• 1970 Ferrari 365 GTB/4 Shooting Brake

LISTEN 07:24

The heyday of the coachbuilt luxury cars was back before WWII. As car became more complex machines the practice of having each body custom made became even more difficult and expensive. But for those willing to pay, it can still be done, and some of the oldest names in coachbuilding are still in operation. So when architect and home builder Bob Gittleman decided that he wanted something different for his car, it was possible to make that happen. Gittleman went to Chinetti Motors in New York, owned by legendary Italian racing driver Luigi Chinetti, and talked to Luigi’s son, Luigi Jr. (who went by “Coco”).

Gittleman simply asked for “something different” out of his car and Coco took it from there. He had always been fascinated by British coachbuilding and shooting brakes in particular, but also with Italian sports cars. So then used as the base was a then-new 1972 Ferrari 365 GTB/4, which was then sent to Panther Westwinds in Surrey, England for the coachwork. It is a very well executed job, and it has earned the car a certain degree of fame over the years. Not everyone is crazy about it, but it seems someone at Ferrari thought a Ferrari shooting brake was a good idea, because we now have the 2012 Ferrari FF.

Continue reading to learn more about the Ferrari 365 GTB/4 Shooting Brake.


1970 Ferrari 365 GTB/4 Shooting Brake High Resolution Exterior
- image 644835
1970 Ferrari 365 GTB/4 Shooting Brake High Resolution Exterior
- image 644834
1970 Ferrari 365 GTB/4 Shooting Brake High Resolution Exterior
- image 644832

The car started off as an ordinary Ferrari 365 GT/B Berlinetta, if such a word can ever rightly be applied to a car like this. From the A-pillars forward, the car was left stock, but when the shooting brake rear end was added, it obviously greatly changed the look of the car. The interior space is much better, and there is obviously much more cargo space in the back.

But what’s really interesting about this is that Panther Westwinds wasn’t even satisfied with making a regular shooting brake. So there is no rear hatch on the car, and instead the curved side windows open in a gullwing fashion, inspired by the engine compartment of the 1967-1971 De Tomaso Mangusta. The sheer size of the rear cargo area makes for a massive rear overhang, but shock of seeing a 365 shooting brake at all might make it so that you don’t notice the overhang.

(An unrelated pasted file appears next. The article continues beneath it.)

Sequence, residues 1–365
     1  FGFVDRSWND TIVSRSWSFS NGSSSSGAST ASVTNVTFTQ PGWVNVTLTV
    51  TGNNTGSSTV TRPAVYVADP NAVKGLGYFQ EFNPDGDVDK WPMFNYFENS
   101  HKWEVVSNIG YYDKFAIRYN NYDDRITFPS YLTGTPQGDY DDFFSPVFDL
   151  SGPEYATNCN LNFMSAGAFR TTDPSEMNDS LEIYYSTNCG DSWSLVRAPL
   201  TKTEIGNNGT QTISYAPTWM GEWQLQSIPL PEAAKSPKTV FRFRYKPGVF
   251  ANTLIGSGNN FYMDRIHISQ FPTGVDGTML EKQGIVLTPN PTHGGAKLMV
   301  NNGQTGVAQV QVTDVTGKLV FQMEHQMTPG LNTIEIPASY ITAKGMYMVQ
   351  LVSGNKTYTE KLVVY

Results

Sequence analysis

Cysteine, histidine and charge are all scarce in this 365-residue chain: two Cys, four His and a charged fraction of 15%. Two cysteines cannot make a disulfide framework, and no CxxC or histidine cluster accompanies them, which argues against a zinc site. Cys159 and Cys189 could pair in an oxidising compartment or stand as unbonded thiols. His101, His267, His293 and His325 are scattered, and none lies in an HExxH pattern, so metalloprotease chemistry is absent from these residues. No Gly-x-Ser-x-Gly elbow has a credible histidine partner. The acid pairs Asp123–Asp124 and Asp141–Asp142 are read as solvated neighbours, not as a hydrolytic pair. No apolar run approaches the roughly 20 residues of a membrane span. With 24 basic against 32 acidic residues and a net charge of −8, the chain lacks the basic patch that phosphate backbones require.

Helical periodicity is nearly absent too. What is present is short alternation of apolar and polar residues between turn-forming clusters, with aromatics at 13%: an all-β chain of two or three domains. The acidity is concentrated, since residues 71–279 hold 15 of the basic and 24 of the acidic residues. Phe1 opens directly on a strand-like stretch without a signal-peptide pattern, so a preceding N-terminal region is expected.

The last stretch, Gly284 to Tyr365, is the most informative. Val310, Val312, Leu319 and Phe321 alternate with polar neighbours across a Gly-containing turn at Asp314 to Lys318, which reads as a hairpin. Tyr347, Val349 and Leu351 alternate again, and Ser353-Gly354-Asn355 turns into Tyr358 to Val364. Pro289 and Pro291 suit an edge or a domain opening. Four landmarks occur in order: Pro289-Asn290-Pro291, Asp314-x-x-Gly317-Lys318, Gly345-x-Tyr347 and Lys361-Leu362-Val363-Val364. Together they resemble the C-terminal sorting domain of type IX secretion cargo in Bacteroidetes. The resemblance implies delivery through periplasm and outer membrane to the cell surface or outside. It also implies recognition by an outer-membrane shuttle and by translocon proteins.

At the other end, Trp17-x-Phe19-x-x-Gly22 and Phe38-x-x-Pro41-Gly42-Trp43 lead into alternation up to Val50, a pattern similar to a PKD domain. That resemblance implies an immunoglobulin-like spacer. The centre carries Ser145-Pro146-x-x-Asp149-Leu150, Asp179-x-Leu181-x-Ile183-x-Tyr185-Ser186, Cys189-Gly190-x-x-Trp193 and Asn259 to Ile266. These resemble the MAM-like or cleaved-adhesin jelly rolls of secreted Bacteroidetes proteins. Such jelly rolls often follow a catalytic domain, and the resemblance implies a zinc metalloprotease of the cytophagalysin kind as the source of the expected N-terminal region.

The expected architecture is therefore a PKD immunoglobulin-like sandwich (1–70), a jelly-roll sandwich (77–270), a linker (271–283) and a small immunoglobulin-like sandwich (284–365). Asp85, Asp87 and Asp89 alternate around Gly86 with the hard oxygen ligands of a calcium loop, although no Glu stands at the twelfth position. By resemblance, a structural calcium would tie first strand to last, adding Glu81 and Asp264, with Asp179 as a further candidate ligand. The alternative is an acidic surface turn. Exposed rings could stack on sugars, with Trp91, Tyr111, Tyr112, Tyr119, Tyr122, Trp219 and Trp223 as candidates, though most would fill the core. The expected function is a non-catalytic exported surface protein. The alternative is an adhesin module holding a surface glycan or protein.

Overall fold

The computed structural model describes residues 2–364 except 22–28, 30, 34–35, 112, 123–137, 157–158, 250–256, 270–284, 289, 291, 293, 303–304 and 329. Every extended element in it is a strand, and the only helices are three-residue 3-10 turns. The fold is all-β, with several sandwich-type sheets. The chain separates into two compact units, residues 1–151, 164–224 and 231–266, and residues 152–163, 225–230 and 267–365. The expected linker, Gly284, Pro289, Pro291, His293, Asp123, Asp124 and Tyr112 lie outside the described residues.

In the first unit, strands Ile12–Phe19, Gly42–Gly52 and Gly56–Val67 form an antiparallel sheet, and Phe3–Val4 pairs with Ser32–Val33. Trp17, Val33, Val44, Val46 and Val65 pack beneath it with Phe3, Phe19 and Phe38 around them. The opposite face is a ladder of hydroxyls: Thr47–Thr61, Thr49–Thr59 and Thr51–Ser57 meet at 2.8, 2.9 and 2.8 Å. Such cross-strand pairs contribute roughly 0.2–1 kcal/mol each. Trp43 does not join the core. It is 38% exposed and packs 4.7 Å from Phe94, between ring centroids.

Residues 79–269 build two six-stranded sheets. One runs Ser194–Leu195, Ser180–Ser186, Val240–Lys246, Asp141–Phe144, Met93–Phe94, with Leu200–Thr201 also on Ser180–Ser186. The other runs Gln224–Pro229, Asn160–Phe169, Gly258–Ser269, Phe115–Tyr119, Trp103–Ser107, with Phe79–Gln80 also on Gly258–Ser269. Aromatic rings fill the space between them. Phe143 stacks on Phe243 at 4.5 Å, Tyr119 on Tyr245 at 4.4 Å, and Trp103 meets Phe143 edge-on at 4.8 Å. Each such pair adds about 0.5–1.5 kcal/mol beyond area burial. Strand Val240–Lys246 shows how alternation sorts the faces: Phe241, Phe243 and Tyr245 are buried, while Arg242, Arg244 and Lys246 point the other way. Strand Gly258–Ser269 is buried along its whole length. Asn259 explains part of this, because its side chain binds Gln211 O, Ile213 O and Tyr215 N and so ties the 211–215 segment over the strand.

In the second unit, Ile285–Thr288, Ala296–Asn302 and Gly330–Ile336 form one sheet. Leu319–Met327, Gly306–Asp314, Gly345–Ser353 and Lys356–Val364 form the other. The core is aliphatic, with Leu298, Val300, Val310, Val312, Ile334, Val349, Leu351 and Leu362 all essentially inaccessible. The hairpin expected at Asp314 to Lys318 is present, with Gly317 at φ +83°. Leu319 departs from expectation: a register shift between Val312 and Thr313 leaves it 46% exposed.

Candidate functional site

1970 Ferrari 365 GTB/4 Shooting Brake High Resolution Interior
- image 644830

The coachwork for this car didn’t end at giving it a bunch of extra cargo space. Some of the interior was obviously going to be required for the back, but Panther Westwinds didn’t stop there, and ended up completely redoing the entire cabin, even going so far as to rearrange the dash and change the placement of the gauges. These are now stacked vertically in the center of the dash, and the whole interior has been given a more traditionally English wood and leather kind of a look.

It’s true that the 365 had fantastic interior to begin with, but it’s difficult to find fault with the results of this custom version of it. Moreover, trying to get new sections of the interior to match up with existing ones could have gone wrong, looking tacked on rather than intentional. This way everything matches and gives the appearance of having been made all at the same time.


Mechanically, the shooting brake is the same as the standard 365, obviously a very good thing, since the 365 was the fastest production car in the world from its debut in 1968 until it was dethroned by the 1985 Ferrari 288 GTO in 1984. This is because Ferrari made the engine specifically to still be fast even in the face of increasingly stringent U.S. emissions regulations, while many other carmakers were simply giving up on the idea of going fast. The engine is a 4.4-liter V12 making 353 horsepower, thanks to a 9.3:1 compression ratio, very high in those days.


1970 Ferrari 365 GTB/4 Shooting Brake High Resolution Interior
- image 644831

One-off cars are always difficult when it comes to pinpointing what they’re worth, even for experts. This car last sold at auction in 2005, with Bonhams getting $261,780 for it. Bonhams attempted to sell it again in 2008, putting an estimated value of $400,000 - $500,000 on it, but the car never sold. The current broker, Hexagon Classics of the U.K., hasn’t put an asking price on the car. Since this isn’t going up for auction, it seems to be a “make us an offer” kind of situation. That also means that we may never know what it ultimately does go for, as it is generally only auction prices that are made public. It will most certainly be more than the 2005 price, but probably not quite up into the $10+ million rage that coach-built Ferrari 250s get into. So if you’re thinking of calling to make an offer, expend to spend at least as much as the 2008 estimate, but don’t start out much higher than that.